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Andermatt Swiss Alps

“Each musician in the octet has to stand behind every note”

Berliner_Blog

The Philharmonic Octet from the s Philharmonic ranks amongst the best symphony orchestras in the world. Last Sunday they gave a concert in the Baroque Parish Church of St. Peter and Paul in Andermatt. Here in this unique alpine setting, they played selected pieces by Mozart and Schubert. We spoke with solo horn player Stefan Dohr about the event.

Did you choose these pieces of music just for Andermatt? Does the selection especially reflect the mountain location?
We couldn’t adjust the programme to Andermatt in particular, but we did adjust to this occasion. It’s the first concert of our octet here. So in the programme, of course in conjunction with Schubert’s octet, we wanted to have a piece with somewhat of a solo character, like the clarinet quintetto, to introduce ourselves here. And although the personalities of both Schubert and Mozart are closely related to the city of Vienna, Schubert’s music in particular, with its romantic expression, is predestined to be played in a natural setting. And what place could be more romantic for this music than this idyllic natural setting with alpine massifs, far removed from the hustle and bustle of the city? Actually, it’s the perfect ambience.
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How did you prepare for the concert?
It’s always tricky to coordinate our busy schedules and find sufficient time to rehearse together in order to perfectly prepare for the concert. But this time we were lucky because right now we’re working with the orchestra on an entire Beethoven cycle, so we are often in the philharmonic in Berlin. So we had not only the time but also the peace to rehearse.

Are major works such as Mozart’s clarinet quintet and Schubert’s octet part of your standard repertoire?
Yes, and properly so. Schubert’s octet, Mozart’s clarinet and horn quintet and Beethoven’s septet are loved by audiences for a good reason. These are magnificent masterpieces, works by which every octet ensemble must be measured.

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What’s your greatest challenge as a musician in the Philharmonic Octet?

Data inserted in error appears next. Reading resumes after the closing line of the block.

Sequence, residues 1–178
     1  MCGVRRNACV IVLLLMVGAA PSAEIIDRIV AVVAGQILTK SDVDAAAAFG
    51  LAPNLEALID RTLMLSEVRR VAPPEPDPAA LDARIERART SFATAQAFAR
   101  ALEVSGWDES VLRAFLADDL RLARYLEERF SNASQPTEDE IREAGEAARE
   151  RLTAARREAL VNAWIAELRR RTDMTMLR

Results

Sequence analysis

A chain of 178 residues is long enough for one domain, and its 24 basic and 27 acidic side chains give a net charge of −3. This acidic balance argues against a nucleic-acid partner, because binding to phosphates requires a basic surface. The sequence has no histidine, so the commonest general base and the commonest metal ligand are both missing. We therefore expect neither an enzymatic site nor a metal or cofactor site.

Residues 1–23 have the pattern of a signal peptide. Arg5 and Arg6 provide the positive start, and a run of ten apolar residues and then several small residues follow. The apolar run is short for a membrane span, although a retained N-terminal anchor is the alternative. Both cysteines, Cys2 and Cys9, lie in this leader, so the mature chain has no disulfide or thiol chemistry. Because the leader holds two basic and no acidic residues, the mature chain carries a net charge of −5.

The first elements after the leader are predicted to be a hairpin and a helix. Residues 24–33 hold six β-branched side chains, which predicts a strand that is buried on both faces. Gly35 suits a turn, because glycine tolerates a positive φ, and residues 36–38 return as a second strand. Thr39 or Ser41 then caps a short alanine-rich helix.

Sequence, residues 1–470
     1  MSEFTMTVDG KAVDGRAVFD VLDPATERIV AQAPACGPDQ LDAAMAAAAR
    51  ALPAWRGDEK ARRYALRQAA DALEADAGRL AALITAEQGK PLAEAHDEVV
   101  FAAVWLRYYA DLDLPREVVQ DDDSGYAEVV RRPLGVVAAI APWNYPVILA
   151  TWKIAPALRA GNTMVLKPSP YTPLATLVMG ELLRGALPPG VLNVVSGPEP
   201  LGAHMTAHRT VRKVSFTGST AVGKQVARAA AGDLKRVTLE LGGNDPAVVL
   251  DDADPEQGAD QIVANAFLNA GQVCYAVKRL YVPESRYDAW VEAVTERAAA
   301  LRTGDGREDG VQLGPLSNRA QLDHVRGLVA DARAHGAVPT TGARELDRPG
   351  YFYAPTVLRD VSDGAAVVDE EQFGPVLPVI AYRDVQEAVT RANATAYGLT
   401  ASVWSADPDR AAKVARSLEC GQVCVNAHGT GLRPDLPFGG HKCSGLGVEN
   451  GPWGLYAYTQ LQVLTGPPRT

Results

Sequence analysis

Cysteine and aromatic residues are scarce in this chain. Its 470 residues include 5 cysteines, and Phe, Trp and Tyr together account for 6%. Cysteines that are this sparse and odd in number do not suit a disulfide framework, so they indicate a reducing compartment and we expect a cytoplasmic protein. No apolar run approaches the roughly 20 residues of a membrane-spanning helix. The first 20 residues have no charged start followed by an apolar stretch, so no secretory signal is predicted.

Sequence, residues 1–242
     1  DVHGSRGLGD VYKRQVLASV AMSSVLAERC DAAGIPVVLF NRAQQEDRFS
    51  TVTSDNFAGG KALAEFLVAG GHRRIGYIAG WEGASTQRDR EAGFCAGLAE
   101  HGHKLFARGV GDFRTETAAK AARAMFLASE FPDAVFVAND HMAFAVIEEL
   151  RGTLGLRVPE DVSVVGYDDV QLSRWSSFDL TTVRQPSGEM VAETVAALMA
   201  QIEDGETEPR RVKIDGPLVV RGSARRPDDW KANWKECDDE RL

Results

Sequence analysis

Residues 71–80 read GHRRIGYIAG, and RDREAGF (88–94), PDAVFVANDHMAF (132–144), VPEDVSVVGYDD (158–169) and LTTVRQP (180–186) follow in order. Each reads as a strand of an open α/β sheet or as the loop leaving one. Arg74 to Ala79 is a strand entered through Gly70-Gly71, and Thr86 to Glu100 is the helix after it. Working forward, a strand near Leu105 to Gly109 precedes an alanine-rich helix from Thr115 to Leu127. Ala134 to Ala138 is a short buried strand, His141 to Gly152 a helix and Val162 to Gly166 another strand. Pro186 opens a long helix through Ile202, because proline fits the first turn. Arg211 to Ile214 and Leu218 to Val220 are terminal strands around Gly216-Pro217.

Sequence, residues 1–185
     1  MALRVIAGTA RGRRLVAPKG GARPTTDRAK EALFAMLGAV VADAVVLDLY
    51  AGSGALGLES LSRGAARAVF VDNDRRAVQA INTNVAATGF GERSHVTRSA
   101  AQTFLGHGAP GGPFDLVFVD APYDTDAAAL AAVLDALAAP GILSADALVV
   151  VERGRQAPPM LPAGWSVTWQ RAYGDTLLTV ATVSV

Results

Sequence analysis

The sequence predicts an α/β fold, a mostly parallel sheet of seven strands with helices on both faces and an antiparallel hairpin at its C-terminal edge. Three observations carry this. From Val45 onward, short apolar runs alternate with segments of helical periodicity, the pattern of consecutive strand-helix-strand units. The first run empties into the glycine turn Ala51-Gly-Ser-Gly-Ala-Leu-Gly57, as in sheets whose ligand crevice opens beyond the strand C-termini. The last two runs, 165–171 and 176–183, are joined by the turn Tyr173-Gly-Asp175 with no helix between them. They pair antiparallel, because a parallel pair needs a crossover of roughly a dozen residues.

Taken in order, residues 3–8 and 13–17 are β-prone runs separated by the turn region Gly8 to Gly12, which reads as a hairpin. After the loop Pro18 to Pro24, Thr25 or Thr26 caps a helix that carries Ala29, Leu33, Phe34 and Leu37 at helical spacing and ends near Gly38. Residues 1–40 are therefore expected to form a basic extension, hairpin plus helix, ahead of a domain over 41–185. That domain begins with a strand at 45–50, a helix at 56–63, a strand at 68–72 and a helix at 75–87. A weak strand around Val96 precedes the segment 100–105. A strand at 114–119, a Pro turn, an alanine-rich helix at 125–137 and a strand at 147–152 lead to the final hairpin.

The complexity – this is at once the greatest challenge and the greatest inspiration. Due to its composition, the octet has a virtually inexhaustible breadth of tone and expression, basically like a small orchestra, but without the support of the sound volume that can cover a weakness. There are no instrument sections; in an octet each player must stand behind every note.

You travel a lot and give many concerts. Do you actually experience the places you visit?
I try to at least. I jog regularly, and I like hiking and bicycling – both at home and when I’m travelling. This gives me as a visitor a good impression of the atmosphere of a new place. I’m the type of person who likes to go out and see things if time permits, rather than sit in the hotel and watch TV.

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Can you say what you particularly noticed in Andermatt and its Church of St. Peter and Paul that makes this place different from others?
It’s a beautiful and magnificent church, although acoustically not entirely unproblematic. That was a challenge and was very interesting to deal with. The audience was very enthusiastic. What sets Andermatt apart from other venues for us? There is a – quasi “musical” – connection between Andermatt and Berlin in the form of Samih Sawiris. The philharmonic meets him again and again at the Lucerne Festival and also at the Berlin Philharmonic; he is a highly regarded guest and friend of the orchestra. It was in Berlin that we heard about his commitment in Andermatt. So for us as an octet we already had a connection to Andermatt, although we didn’t know the place yet.

Have you ever become acquainted with a place through your travels as a musician and then returned as a private person?
None that come to mind. Unfortunately, we didn’t get to see much of Andermatt this time, because the octet arrived at noon and left the same evening. I think it’s quite possible that soon I will leave my horn at home for once and spend a few days at The Chedi Andermatt with my family – to have plenty of time to enjoy these breath-taking surroundings.

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